May 29, 2007
Michael Victorian
(202) 639-6405

Sen. Byrd Places Mine Safety and Health Work Off Limits to Contractors

(WASHINGTON) – Senate Appropriations Committee Chairman Robert Byrd (D-W.Va.) included a provision, Section 6602, in the recent supplemental appropriations bill, H.R. 2206, permanently placing mine safety and health functions off limits to privatization. The language introduced by Chairman Byrd classifies all 2,240 Mine and Safety Health Administration (MSHA) employees as “inherently governmental” and therefore exempt from privatization review.

The American Federation of Government Employees (AFGE) commends Chairman Byrd for ensuring that MSHA employees will not be subject to future privatization reviews and potential contracting out.

“This legislation allows the dedicated employees of the MSHA to focus completely on the job of enforcing safety and health standards at the nation’s mines,” said John Gage AFGE national president, “instead of worrying about the latest costly and controversial Office Management and Budget A-76 boondoggle.”

Although the language is included in the appropriations bill, the provision provided by Sen. Byrd will not be subject to customary renewal requirements. Additionally, Chairman Byrd’s provision contains language that excludes funds provided to MSHA under the 2007 continuing resolution from being used for privatization studies or public-private competitions under the Office of Management and Budget’s Circular A-76.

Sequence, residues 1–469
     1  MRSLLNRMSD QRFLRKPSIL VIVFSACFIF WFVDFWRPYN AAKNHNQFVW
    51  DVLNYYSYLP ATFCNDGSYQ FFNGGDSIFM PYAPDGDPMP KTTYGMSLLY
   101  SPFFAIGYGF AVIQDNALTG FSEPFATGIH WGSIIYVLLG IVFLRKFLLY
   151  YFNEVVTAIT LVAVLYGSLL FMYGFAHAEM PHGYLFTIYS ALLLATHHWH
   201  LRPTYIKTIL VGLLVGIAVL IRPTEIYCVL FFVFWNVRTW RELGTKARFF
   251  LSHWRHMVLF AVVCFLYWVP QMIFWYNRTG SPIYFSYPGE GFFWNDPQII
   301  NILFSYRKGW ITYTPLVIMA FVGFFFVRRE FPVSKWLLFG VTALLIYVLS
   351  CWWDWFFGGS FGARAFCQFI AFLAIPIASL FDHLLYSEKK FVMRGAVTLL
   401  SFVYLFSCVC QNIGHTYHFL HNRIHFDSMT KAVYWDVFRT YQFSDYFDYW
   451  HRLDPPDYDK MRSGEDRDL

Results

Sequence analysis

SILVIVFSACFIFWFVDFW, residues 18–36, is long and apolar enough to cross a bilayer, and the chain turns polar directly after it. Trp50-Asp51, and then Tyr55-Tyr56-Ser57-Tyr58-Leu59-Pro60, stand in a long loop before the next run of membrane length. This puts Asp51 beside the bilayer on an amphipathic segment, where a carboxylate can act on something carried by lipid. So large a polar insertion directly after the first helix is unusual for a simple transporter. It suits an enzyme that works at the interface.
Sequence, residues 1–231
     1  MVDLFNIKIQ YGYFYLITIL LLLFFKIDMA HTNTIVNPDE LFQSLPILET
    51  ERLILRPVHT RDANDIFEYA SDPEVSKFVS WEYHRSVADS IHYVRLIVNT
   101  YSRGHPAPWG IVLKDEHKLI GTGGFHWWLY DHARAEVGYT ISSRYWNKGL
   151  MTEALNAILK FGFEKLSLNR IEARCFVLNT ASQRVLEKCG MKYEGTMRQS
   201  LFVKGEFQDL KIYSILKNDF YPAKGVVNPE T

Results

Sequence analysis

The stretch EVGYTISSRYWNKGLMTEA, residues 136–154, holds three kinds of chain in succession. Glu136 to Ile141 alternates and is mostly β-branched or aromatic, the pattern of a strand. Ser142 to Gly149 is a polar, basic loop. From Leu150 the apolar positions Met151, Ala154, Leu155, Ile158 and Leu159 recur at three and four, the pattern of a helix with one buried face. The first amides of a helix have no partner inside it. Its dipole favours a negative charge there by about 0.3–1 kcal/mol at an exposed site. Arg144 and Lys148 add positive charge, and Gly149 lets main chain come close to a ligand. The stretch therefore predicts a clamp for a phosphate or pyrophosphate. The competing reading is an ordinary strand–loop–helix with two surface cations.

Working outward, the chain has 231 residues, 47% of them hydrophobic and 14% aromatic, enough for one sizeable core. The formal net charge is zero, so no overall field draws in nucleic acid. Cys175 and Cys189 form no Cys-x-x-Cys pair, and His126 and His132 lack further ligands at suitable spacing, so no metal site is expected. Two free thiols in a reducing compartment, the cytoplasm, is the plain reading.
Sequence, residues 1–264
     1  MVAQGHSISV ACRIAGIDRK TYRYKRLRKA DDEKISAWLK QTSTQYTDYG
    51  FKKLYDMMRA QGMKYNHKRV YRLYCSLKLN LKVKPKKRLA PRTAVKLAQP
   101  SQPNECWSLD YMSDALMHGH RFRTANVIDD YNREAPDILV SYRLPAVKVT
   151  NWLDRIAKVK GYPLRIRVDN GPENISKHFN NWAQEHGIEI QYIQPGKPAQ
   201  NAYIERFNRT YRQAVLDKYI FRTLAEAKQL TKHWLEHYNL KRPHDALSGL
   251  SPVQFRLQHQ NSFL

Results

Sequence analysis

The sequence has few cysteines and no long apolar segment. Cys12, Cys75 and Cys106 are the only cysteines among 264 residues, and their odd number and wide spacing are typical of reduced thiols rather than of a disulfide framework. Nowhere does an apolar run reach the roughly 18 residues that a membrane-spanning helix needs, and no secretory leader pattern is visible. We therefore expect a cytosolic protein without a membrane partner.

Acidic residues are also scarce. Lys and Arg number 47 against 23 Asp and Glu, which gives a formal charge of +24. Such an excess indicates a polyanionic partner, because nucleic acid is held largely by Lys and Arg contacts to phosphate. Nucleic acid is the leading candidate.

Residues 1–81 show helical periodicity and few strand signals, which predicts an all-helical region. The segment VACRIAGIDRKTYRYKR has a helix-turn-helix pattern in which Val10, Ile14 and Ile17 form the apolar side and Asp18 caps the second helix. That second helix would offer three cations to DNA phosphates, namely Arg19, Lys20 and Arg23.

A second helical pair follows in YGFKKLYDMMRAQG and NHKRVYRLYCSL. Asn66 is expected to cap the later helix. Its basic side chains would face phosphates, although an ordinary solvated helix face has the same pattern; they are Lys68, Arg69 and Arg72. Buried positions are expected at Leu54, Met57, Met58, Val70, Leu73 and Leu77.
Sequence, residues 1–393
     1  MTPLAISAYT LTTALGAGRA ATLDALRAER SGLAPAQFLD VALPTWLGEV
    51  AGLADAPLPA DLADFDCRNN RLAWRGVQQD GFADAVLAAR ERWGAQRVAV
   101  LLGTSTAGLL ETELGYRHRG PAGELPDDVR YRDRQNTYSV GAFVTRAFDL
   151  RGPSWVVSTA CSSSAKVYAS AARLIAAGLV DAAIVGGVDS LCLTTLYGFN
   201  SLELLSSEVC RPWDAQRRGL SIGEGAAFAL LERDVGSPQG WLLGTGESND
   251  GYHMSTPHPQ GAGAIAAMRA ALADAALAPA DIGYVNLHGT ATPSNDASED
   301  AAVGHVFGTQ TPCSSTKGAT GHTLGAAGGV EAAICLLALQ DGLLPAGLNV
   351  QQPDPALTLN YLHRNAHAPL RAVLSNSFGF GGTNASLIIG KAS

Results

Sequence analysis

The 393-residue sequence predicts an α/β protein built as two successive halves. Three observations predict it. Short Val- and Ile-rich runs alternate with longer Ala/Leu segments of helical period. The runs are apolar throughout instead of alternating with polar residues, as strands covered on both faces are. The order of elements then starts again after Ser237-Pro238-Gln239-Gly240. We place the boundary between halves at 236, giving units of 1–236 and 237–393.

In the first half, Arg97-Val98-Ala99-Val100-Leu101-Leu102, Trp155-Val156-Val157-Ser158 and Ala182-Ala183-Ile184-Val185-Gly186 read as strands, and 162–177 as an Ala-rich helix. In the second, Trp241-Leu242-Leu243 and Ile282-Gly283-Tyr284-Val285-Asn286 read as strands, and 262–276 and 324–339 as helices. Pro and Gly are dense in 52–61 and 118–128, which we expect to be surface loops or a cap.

While this is a substantial victory for MSHA employees, AFGE encourages other lawmakers to protect employees throughout the Department of Labor (DoL). Recently, federal employees in several DoL agencies, including MSHA lost a privatization review of 300 administrative support staff job functions.

“The privatization problem at the DoL is department wide,” added Gage. “We urge other lawmakers to follow the Chairman’s lead and ensure that all of the DoL agencies involved in the contracting out process are protected as well.”

Since 2004, federal employees in the DoL have been challenged in A-76 public-private competitions 26 times. They have won all but three. These resounding victories display the superior quality of the federal workforce, but the department refuses to seek alternatives to the A-76 process or to allow federal employees to compete for new work or contracted out work.

“Ultimately, the best way to deal with the privatization at DoL will be to implement a department wide prohibition on contracting out.”

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